Administrators said the fruits, vegetables and herbs grown by students, teachers and volunteers at the 40 school gardens can't be served in cafeterias because they do not meet the rules set by the school district and its meal provider, Chartwells-Thompson, the Chicago Tribune reported Wednesday.
"In order to use food in the school food program, it would need to meet specific/certified growing practices," school district spokeswoman Monique Bond said.
Chartwells-Thompson said the regulations include the elimination of "pesticides and insecticide" and the use of only "commercially prepared organic compost and fertilizers."
Officials said the produce will be sold or given away.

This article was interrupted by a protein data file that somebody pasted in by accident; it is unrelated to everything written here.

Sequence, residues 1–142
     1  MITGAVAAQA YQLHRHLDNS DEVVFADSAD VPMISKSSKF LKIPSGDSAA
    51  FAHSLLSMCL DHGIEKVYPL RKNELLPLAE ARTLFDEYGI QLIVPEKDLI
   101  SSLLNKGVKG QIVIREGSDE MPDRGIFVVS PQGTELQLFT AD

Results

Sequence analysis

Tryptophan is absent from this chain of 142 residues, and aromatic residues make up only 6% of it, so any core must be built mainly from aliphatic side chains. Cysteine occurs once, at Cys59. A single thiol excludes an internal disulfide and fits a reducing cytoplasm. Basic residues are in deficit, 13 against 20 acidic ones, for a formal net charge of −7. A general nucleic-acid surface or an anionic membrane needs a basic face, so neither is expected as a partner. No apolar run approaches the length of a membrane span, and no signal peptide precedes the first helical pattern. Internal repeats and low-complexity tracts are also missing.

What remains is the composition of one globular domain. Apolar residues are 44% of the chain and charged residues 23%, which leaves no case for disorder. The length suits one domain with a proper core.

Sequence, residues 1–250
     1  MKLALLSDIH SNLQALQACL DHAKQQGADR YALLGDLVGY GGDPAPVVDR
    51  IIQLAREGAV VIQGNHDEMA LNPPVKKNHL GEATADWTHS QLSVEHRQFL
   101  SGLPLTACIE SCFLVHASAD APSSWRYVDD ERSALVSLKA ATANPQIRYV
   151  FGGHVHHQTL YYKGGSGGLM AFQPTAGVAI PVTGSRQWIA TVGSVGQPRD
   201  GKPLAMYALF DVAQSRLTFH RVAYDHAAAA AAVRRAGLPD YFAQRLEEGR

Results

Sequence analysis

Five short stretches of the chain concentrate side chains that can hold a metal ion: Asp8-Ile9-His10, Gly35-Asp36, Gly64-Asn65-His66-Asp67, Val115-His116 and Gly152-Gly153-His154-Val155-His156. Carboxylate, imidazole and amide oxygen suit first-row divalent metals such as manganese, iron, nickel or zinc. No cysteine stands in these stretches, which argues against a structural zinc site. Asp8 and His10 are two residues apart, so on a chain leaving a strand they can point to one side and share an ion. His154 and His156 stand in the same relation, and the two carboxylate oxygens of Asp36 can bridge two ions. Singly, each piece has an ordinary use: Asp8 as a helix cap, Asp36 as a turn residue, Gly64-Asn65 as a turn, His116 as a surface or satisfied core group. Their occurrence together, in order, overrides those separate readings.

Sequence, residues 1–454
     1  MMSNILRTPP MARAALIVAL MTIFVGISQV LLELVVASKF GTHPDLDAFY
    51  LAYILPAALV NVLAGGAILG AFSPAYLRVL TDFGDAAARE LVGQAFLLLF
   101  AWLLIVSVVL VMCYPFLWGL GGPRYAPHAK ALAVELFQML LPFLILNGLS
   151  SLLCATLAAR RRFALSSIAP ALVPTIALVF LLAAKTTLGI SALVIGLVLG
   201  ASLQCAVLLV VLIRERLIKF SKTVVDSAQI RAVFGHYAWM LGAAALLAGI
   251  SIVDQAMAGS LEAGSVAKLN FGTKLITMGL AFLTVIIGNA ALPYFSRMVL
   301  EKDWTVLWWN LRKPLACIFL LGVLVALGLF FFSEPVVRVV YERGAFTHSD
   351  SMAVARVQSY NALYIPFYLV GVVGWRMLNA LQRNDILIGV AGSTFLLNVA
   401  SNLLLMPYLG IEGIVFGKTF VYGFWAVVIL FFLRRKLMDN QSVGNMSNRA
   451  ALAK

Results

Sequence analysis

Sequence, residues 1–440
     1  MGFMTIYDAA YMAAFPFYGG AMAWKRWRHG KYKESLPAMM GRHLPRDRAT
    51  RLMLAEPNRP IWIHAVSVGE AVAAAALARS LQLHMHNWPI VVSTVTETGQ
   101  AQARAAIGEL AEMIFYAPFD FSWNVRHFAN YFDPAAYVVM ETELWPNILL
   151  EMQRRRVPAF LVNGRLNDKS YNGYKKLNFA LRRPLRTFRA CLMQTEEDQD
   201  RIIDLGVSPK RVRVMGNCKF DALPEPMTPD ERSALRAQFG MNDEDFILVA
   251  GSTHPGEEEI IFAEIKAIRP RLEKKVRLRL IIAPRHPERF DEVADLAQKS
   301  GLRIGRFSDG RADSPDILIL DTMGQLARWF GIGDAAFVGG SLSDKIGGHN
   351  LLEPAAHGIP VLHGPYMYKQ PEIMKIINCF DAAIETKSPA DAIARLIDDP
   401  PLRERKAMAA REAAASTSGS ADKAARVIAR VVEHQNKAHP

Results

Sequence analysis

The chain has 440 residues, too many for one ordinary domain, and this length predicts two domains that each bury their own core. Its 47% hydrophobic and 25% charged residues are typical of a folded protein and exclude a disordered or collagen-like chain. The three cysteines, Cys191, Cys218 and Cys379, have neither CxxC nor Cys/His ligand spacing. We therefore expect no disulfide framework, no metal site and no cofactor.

However, Kathleen Merrigan, U.S. deputy secretary of agriculture, who recently visited a Chicago School Garden, said she would like to see the resulting foods find their way into cafeterias.
"Ideally, all of those products would make it from the garden to the lunchroom," Merrigan said.
Couple calls 9-1-1 over missing hash browns; assault McDonanld's employees
Mena Suvari shares her delightfully awkward Christmas card photo